Mchinji projects 16 percent maize yield drop


Mchinji District, which is one of the country’s leading maize producers, is forecasting a 16 percent yield loss in maize in the current farming season due to dry spells and the fall armyworm, which has decimated crop fields in many districts.

Mchinji falls under Kasungu Agriculture Division (ADD) and comprises seven extension planning areas (EPAs) covering 13 sub- and traditional authorities.

The district faced a dry spell from December 26 2017 to January 12 2018, a problem compounded by the fall armyworm, which has affected maize and beans in the district.


A report compiled by the Service Committee on Agriculture and Natural Resources and presented to Mchinji District full council indicates that the dry spell has destroyed 2,595 hectares of maize, affecting 9,671 farming households.

Chairperson of the committee, Councilor Dennis Lazaro, said 412 hectares of beans have been destroyed by the dry spell. “The district planted 95,156 hectares of maize, of which 1,150 hectares had been infested by armyworms while 5,518 hectares have been controlled, translating to 12,217 farmers that have been affected,” Lazaro said.

With the resumption of the rains from January 13 to February, the situation is back to normal, mostly for maize.


However, some losses will be expected in maize and bean crops according to Mchinji District agriculture officials.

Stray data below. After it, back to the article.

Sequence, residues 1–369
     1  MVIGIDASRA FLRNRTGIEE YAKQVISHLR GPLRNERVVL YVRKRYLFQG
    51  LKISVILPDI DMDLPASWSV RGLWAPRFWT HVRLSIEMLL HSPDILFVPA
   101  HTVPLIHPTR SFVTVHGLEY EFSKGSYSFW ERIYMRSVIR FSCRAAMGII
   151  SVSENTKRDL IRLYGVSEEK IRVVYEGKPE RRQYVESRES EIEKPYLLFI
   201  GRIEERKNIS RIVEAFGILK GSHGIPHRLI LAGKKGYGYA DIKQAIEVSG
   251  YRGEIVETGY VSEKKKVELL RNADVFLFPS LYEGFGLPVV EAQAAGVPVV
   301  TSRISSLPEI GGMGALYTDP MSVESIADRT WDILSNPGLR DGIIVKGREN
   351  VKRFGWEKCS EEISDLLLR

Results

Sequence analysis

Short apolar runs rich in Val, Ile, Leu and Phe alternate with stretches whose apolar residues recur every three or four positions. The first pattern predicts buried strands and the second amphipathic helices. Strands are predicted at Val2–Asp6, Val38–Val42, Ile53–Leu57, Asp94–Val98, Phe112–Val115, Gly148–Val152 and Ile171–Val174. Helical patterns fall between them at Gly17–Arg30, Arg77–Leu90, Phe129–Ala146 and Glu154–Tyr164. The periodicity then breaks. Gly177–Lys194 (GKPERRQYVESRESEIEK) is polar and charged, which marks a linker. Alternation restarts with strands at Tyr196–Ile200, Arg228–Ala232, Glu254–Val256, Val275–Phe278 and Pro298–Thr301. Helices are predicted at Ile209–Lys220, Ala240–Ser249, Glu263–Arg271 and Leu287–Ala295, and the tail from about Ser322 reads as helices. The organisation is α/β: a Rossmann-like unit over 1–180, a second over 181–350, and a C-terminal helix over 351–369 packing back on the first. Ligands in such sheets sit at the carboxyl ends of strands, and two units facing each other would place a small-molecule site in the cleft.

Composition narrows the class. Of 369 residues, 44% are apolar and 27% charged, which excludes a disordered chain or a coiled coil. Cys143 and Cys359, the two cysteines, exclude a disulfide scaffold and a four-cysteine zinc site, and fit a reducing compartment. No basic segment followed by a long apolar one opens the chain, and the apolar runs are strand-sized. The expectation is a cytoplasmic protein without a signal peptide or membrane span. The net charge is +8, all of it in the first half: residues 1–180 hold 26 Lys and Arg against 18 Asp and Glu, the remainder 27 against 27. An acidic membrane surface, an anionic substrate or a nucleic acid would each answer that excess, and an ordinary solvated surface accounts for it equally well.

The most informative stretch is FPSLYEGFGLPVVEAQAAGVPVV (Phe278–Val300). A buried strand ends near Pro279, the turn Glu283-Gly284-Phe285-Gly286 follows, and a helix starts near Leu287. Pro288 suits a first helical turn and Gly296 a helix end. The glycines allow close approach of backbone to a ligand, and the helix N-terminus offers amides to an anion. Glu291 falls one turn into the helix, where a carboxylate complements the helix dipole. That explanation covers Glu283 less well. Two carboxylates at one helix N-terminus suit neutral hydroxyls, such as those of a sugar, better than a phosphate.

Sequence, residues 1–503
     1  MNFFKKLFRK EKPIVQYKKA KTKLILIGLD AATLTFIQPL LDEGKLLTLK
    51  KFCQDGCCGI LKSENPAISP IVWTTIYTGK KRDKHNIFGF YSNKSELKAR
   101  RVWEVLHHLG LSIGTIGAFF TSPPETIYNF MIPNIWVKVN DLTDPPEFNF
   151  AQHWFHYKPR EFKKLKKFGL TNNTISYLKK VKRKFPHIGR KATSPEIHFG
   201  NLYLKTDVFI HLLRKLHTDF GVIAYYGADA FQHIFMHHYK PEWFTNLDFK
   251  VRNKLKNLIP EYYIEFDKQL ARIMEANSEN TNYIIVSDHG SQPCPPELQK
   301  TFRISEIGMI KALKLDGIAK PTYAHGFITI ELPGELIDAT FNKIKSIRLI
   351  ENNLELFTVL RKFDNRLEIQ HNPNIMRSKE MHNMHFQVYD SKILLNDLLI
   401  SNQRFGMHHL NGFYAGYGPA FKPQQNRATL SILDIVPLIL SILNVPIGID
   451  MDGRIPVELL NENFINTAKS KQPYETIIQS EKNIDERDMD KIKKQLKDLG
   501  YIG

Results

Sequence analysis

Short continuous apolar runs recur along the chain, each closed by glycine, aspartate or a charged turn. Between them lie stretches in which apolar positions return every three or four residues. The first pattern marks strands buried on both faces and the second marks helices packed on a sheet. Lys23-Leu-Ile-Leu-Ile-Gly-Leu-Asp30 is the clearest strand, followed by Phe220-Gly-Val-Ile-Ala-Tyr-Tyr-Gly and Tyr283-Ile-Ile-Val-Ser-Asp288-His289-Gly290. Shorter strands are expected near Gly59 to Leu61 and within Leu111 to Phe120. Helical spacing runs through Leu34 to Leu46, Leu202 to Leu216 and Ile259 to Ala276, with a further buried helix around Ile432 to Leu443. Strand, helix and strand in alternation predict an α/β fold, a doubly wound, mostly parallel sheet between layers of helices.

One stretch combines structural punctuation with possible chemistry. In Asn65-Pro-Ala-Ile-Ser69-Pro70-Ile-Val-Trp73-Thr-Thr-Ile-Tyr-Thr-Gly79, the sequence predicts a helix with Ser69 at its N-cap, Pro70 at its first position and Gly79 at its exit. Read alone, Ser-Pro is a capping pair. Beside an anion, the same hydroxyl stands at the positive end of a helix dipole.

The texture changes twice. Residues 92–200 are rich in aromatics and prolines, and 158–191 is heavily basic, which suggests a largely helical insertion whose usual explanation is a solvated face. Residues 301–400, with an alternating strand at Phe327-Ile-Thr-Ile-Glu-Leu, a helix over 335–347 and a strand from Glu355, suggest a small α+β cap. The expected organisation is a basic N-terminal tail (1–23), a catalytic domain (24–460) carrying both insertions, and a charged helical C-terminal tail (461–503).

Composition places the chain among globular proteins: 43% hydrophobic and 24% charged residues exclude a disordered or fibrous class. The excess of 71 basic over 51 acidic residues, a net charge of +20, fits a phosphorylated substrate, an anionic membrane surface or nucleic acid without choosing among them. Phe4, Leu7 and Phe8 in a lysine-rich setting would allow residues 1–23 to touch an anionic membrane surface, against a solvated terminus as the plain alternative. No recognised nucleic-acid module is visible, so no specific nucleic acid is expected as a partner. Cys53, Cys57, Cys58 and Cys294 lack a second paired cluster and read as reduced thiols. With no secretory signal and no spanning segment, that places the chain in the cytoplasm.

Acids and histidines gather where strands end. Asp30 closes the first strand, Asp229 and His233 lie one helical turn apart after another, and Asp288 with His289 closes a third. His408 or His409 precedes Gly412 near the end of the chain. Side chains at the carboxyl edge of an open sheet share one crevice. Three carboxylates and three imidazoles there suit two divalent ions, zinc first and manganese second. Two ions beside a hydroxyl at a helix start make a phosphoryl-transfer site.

District Agriculture Development Officer, Precious Chautsi, said his office managed to control 113 hectares of crops using pesticides from Kasungu Agricultural Development Division and the Food and Agriculture Organisation.

“Since it is projected that the fall armyworm will be in the district for a while, our team is in the field to encourage farmers to use natural and physical ways of dealing with the army worms. They can use sand or physically kill the worms. They can also set traps to kill male moths,” Chautsi said.

Meanwhile, the Mchinji district service committee on agriculture and natural resources has recommended the intensification of awareness meetings through the community radio available in the district, lobbying stakeholders to support trainings or procurement of pesticides to help in the fall armyworm fight.

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